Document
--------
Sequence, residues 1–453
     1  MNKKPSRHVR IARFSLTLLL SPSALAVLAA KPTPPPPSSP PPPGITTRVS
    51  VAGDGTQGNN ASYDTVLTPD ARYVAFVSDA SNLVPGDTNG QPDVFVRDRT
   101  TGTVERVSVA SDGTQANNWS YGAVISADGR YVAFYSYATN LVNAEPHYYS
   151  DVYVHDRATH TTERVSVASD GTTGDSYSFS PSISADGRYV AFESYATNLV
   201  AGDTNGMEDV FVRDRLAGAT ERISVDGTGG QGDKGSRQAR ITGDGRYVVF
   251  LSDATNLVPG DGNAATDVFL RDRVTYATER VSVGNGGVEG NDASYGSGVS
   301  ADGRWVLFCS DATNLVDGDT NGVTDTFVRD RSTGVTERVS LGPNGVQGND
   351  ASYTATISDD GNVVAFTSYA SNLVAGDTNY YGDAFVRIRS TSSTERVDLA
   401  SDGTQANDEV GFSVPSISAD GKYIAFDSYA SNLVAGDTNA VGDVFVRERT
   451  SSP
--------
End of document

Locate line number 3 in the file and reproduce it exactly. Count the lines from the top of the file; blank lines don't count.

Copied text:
    51  VAGDGTQGNN ASYDTVLTPD ARYVAFVSDA SNLVPGDTNG QPDVFVRDRT